But I don't think Trader is really curious, as much as he just wants to
catch me in a lie, like SaltyAss, Ricodjour, Shitty Two, and their ilk.
Again, for the slow, my near-30c rate is not an explicit, published rate --
the published rate is 9c.
But the *real* rate I wind up paying, when I divide the $$ that I mail in by
the kWhr that I got, is near 30c.
It's good to hear that not everyone is f'd ita like this. But CA, NY, and a
bunch of others are.
I suspect everyone's turn will come, tho. After all, what corp. concern can
resist the easy fleecing of millions of sheeple? What CongressShill has
the balls to fight it? If balls is even an issue -- corruption is the
Free Money, Free Money!!!
It's OK. Help is on the way. Last night I heard Obama say he wants
more nuclear power plants built. Oh, wait a minute. His actual
words were "a new generation of safe, clean nuclear power plants."
Doh! Looks like you're still f**d, because we know there will never
be one that's clean enough or safe enough for him or the environmental
extremists. That's change you can believe in.
Well, we're going to know pretty soon. There are 20-something 
applications for new licenses on file w/ NRC currently. When the formal
hearings begin we'll find out where the C sequestration people are in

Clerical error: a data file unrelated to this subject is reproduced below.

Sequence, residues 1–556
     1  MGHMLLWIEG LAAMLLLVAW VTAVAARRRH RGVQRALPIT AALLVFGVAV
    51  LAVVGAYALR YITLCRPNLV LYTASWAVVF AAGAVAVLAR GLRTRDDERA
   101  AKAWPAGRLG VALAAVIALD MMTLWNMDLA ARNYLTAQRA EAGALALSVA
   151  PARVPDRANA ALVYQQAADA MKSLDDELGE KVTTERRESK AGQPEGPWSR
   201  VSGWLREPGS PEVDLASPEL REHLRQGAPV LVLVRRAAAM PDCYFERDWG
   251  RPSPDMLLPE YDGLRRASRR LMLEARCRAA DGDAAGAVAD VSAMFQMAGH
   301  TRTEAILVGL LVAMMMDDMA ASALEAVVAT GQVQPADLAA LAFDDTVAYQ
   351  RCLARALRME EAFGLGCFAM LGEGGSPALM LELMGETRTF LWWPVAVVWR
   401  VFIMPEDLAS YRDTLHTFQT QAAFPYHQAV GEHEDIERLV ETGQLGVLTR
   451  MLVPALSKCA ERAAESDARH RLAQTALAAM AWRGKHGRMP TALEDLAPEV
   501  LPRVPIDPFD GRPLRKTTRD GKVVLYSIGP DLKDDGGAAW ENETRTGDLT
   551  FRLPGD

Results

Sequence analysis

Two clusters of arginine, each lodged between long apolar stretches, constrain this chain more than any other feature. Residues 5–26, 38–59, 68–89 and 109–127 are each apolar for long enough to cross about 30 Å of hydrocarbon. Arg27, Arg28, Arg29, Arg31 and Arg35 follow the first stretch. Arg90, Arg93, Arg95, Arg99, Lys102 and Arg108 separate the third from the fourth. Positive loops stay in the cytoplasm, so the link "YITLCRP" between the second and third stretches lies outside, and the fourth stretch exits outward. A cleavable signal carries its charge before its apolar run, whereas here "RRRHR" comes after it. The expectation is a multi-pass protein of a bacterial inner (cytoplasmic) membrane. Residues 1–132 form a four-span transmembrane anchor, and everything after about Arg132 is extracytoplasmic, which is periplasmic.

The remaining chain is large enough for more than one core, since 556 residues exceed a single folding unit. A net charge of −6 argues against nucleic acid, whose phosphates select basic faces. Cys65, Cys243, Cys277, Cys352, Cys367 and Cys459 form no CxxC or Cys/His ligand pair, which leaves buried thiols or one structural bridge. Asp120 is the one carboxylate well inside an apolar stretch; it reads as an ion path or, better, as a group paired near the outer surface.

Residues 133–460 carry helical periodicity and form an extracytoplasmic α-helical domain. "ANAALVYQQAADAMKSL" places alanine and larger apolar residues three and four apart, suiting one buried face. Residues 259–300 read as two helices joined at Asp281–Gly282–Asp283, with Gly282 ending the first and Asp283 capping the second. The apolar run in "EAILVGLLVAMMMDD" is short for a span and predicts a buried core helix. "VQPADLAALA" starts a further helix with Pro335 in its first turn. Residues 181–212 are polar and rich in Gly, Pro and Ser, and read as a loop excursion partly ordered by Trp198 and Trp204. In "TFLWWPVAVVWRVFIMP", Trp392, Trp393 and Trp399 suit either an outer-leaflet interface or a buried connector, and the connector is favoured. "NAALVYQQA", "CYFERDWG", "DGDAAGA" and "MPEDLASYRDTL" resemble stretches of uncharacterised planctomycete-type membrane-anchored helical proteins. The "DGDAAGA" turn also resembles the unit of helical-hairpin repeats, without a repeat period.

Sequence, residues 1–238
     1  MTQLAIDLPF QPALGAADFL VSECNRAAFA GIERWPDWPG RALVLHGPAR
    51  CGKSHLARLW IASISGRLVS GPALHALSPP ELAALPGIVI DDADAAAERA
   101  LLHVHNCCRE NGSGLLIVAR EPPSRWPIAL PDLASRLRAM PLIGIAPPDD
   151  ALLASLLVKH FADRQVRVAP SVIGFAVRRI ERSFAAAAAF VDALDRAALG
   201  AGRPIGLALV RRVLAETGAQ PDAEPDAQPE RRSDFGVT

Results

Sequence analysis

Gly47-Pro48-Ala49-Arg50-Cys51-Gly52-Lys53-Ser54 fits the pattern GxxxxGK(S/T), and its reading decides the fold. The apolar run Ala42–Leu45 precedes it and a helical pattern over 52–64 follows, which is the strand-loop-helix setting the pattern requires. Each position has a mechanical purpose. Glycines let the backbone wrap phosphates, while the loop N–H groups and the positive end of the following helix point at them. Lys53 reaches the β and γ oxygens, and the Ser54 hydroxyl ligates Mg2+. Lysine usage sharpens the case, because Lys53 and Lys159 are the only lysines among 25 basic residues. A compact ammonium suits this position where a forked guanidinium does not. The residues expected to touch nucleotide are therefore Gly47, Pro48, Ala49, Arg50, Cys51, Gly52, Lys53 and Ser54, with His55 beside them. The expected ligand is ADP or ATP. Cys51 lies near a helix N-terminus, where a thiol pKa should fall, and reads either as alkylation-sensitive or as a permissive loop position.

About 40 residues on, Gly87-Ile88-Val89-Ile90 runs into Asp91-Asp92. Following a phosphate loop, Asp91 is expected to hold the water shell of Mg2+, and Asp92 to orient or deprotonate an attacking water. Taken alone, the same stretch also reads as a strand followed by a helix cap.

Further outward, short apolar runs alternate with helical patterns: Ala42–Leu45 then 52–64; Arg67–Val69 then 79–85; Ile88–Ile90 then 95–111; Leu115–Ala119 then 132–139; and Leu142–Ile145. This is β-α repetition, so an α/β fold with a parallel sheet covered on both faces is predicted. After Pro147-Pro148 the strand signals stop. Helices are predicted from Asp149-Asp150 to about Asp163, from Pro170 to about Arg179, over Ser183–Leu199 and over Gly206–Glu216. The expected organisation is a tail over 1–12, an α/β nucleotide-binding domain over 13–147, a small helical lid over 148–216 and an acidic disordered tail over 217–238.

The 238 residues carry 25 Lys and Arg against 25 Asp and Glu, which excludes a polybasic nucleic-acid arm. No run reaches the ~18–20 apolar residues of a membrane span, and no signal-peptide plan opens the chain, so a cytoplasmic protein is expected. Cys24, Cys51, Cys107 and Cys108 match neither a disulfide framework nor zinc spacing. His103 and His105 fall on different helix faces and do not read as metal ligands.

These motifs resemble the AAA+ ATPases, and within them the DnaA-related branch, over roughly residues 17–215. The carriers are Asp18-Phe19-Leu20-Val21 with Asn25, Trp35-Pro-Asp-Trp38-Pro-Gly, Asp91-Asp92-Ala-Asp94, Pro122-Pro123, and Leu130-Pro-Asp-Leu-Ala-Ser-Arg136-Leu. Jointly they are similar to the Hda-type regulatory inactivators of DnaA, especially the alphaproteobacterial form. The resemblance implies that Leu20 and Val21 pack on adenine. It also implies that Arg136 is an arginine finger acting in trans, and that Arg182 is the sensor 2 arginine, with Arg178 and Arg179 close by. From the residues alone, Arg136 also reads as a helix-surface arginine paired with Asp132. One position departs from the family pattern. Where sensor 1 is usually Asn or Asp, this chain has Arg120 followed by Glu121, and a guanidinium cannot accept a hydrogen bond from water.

terms of whether want to accomplish something or simply be obstructionists.
 www.nrc.gov has links to actual filings/numbers; I haven't looked at
precise numbers for a while
At best all of the above perhaps explains why we pay more for the
generation portion of our electric bill (12.4 cents/kWh). And I
understand why burning natural gas or oil which is supposedly the main
fuel here in New England would be more expensive than coal burnt in the
Midwest and certainly more expensive than Hydro from the Pacific
However, why do we pay 7.6 cents/kWh for transmission which is *more*
than the total cost of 6-7 cents that other users here claim to be
If anything in a regulated monopoly, our transmission costs should be
*lower* than other parts of the country since our lines were built a
long time ago and presumably have already recouped their cost of
capital. Also, with low population growth here, there is not a
requirement for huge new investments in expansion.
I think the real problem here is government regulation and corruption
which accomplishes the threefold evil of keeping prices artificially
high and discouraging competition, and preventing investment in new
technologies or cheaper sources of power...
You pay more for transmission in the frozen northeast because:
1. The heavily forested states cost a lot more for tree trimming around
the power lines.
2. The ice storms and falling branches cost a lot more to repair the
Old decrepit infrastructure costs more to repair and maintain, as well
as costing more for rebuilding as sections become overloaded or
otherwise unserviceable. Look at how often you see crews replacing mile
of poles and stringing new lines, often with taller poles and double
circuits to meet the increasing power demands.
Government regulation is certainly part of the problem, but it is
typically keeping prices artificially low and discouraging system
upgrades. Look at how CA got into their power mess with their mock